Listeners as innovators, speakers, and members of speech communities
Patrice Speeter Beddor
John C. Catford Collegiate Professor of Linguistics, University of Michigan
Contrasts between speech sounds are conveyed by multiple, often redundant phonetic properties, making it possible for listeners to differ systematically from each other in the weights they assign those properties when deciding what a speaker has said. In this talk, I view individual listeners' novel perceptual weights as having the potential to contribute to new norms in a speech community. I discuss how perceptual innovation is made public and consider social factors that might contribute to—or impede—such innovation.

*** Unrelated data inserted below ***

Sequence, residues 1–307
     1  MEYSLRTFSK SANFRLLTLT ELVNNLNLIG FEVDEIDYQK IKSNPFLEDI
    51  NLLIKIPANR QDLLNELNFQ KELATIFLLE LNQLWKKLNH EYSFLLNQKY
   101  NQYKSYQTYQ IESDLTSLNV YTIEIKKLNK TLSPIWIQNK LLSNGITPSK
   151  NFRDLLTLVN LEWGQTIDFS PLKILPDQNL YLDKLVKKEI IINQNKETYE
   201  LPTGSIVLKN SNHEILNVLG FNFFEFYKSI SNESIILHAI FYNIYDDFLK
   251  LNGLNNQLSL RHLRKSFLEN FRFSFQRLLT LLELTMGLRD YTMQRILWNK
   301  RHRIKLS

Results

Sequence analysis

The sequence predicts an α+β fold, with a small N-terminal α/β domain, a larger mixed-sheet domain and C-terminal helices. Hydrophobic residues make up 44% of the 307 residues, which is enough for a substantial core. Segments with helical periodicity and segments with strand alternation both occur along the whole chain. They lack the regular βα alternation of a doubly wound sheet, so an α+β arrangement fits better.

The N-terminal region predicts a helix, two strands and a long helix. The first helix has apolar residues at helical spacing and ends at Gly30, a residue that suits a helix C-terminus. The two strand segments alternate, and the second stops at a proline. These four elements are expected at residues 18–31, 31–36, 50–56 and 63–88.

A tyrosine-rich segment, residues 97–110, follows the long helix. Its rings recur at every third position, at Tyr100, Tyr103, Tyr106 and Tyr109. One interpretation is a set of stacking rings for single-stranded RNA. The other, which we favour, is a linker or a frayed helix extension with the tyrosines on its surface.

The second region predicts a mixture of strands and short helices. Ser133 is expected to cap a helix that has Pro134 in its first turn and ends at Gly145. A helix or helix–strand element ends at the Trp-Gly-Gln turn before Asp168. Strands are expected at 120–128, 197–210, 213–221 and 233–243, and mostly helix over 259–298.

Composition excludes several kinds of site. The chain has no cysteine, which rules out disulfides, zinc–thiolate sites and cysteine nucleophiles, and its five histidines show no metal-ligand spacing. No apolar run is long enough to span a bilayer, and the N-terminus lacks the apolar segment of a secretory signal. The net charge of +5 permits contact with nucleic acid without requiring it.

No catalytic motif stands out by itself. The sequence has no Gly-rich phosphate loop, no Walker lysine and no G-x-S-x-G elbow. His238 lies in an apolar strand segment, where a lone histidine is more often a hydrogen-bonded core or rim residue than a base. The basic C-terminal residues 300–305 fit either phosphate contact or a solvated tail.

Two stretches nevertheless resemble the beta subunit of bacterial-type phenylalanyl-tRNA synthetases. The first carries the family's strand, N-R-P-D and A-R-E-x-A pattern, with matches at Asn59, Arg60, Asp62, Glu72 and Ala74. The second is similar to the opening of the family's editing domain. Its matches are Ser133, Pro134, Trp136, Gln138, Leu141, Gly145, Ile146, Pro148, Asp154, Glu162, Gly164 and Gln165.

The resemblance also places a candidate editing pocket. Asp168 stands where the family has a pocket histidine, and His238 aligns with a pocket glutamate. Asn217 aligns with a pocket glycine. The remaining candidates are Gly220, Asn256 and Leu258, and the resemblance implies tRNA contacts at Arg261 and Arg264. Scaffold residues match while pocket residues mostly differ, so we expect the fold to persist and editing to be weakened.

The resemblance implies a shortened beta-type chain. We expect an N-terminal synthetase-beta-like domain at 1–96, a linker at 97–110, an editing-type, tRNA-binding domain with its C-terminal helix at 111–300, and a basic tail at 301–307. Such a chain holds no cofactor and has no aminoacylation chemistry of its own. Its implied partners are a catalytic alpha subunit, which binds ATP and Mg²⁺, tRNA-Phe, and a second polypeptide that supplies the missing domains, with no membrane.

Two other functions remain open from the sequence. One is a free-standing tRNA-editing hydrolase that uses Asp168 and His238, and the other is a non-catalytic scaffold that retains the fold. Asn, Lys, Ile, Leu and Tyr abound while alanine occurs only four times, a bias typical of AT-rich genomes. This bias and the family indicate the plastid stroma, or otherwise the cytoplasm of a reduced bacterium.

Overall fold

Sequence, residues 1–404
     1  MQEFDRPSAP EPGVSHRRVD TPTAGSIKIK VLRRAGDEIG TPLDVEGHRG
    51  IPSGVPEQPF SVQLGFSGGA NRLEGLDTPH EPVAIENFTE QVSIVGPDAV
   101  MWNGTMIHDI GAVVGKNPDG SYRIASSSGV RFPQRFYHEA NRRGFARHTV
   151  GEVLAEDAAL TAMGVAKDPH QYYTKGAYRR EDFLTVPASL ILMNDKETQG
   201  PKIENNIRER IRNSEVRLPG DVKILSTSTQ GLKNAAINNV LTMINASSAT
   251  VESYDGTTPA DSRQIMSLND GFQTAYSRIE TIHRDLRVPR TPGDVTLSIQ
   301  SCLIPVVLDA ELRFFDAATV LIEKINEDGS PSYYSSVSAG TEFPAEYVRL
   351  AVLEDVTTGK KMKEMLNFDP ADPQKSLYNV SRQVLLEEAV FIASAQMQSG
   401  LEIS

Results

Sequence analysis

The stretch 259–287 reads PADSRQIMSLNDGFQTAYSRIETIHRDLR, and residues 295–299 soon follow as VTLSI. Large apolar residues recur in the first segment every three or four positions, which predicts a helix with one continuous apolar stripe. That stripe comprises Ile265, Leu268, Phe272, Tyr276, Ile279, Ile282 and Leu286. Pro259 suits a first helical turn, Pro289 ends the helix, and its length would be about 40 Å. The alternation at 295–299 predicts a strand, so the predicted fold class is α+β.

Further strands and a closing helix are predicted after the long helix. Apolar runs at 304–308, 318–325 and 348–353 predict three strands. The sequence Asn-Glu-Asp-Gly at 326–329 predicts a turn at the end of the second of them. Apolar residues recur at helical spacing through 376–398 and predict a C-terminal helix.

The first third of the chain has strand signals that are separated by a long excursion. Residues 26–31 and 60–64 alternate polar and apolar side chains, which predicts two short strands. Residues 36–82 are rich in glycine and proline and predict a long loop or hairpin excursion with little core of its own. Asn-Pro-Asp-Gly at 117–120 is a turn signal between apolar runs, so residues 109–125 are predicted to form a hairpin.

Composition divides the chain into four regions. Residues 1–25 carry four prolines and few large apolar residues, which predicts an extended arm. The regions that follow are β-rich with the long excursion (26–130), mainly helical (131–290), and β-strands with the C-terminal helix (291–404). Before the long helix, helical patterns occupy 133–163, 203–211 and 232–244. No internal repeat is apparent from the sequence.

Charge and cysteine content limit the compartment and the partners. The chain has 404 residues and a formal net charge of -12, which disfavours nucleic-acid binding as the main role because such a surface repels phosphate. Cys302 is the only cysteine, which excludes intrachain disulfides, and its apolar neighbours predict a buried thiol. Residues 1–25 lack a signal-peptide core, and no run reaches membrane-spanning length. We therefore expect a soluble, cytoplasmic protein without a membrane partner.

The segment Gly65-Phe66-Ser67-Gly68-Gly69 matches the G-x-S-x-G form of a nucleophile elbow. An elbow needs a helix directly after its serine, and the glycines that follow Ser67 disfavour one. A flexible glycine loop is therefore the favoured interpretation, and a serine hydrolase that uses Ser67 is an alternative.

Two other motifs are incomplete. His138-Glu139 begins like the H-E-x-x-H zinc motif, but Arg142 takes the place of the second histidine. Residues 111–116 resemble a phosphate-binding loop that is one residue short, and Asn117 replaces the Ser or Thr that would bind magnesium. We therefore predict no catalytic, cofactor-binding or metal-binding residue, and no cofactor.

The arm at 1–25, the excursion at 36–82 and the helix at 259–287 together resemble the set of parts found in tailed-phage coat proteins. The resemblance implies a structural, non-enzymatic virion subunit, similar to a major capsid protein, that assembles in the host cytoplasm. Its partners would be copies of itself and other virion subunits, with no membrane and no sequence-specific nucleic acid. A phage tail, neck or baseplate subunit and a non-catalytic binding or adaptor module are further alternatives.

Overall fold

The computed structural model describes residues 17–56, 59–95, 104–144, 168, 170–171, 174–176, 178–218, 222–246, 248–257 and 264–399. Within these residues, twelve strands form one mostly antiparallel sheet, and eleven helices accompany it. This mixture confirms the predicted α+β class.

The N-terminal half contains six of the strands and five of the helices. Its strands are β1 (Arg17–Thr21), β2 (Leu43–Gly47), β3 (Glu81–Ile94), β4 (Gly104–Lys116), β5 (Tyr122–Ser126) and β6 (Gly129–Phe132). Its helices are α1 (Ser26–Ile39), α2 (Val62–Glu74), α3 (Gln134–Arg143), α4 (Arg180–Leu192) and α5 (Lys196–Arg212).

The main empirical basis for my discussion of these issues is American English and Afrikaans listener-speakers' perception and production of coarticulatory vowel nasalization. (Coarticulatory nasalization is the usual synchronic "raw material" for the historical change from vowel+nasal sequences to contrastive vowel nasalization.) Speakers of each language differ considerably from each other in the extent of produced coarticulation; in addition, though, nasal coarticulation in Afrikaans is socio-ethnically indexed, with speakers of the less prestigious variety producing less extensive coarticulation than speakers of the more prestigious variety. Results show that listeners' perceptual weights for coarticulation are mirrored in their productions: participants who attend closely to vowel nasality in perception also produce earlier onset of coarticulatory nasalization. However, for Afrikaans, this pattern held only for female participants. These findings lead me to propose that (i) a potential source of a novel variant is innovative listeners who are also (co-)articulatory innovators but (ii) which listeners mirror perception in their productions is conditioned by the social structure of coarticulatory variation in the speech community.